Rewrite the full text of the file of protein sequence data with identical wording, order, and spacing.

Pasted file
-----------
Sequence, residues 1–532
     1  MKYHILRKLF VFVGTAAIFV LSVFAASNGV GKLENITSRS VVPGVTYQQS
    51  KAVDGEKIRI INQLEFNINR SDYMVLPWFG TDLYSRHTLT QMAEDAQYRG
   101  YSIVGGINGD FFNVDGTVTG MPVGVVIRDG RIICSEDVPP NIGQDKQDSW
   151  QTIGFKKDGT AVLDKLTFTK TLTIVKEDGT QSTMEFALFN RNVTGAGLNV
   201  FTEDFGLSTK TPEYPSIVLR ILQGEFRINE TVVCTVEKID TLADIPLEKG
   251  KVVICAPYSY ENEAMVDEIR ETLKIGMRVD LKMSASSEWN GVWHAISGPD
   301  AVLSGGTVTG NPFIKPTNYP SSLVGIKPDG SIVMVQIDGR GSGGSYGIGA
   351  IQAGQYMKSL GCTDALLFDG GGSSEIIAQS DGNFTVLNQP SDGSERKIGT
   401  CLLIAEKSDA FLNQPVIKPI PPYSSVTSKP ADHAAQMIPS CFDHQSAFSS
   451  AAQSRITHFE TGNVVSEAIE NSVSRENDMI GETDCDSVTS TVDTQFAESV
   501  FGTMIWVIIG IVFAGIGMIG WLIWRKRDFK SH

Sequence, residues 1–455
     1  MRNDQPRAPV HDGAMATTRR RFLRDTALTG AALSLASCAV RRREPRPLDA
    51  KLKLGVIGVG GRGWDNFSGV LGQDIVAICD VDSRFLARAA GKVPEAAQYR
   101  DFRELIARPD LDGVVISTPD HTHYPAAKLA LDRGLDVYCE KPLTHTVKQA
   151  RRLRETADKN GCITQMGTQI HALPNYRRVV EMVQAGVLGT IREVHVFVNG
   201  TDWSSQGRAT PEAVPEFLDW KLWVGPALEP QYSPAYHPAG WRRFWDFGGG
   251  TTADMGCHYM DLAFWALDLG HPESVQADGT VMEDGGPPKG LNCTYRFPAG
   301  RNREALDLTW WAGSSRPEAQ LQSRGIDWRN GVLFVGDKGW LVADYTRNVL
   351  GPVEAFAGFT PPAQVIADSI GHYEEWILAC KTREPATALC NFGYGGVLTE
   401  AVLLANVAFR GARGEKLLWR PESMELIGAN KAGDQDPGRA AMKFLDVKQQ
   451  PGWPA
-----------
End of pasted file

Sequence, residues 1–532
     1  MKYHILRKLF VFVGTAAIFV LSVFAASNGV GKLENITSRS VVPGVTYQQS
    51  KAVDGEKIRI INQLEFNINR SDYMVLPWFG TDLYSRHTLT QMAEDAQYRG
   101  YSIVGGINGD FFNVDGTVTG MPVGVVIRDG RIICSEDVPP NIGQDKQDSW
   151  QTIGFKKDGT AVLDKLTFTK TLTIVKEDGT QSTMEFALFN RNVTGAGLNV
   201  FTEDFGLSTK TPEYPSIVLR ILQGEFRINE TVVCTVEKID TLADIPLEKG
   251  KVVICAPYSY ENEAMVDEIR ETLKIGMRVD LKMSASSEWN GVWHAISGPD
   301  AVLSGGTVTG NPFIKPTNYP SSLVGIKPDG SIVMVQIDGR GSGGSYGIGA
   351  IQAGQYMKSL GCTDALLFDG GGSSEIIAQS DGNFTVLNQP SDGSERKIGT
   401  CLLIAEKSDA FLNQPVIKPI PPYSSVTSKP ADHAAQMIPS CFDHQSAFSS
   451  AAQSRITHFE TGNVVSEAIE NSVSRENDMI GETDCDSVTS TVDTQFAESV
   501  FGTMIWVIIG IVFAGIGMIG WLIWRKRDFK SH

Sequence, residues 1–455
     1  MRNDQPRAPV HDGAMATTRR RFLRDTALTG AALSLASCAV RRREPRPLDA
    51  KLKLGVIGVG GRGWDNFSGV LGQDIVAICD VDSRFLARAA GKVPEAAQYR
   101  DFRELIARPD LDGVVISTPD HTHYPAAKLA LDRGLDVYCE KPLTHTVKQA
   151  RRLRETADKN GCITQMGTQI HALPNYRRVV EMVQAGVLGT IREVHVFVNG
   201  TDWSSQGRAT PEAVPEFLDW KLWVGPALEP QYSPAYHPAG WRRFWDFGGG
   251  TTADMGCHYM DLAFWALDLG HPESVQADGT VMEDGGPPKG LNCTYRFPAG
   301  RNREALDLTW WAGSSRPEAQ LQSRGIDWRN GVLFVGDKGW LVADYTRNVL
   351  GPVEAFAGFT PPAQVIADSI GHYEEWILAC KTREPATALC NFGYGGVLTE
   401  AVLLANVAFR GARGEKLLWR PESMELIGAN KAGDQDPGRA AMKFLDVKQQ
   451  PGWPA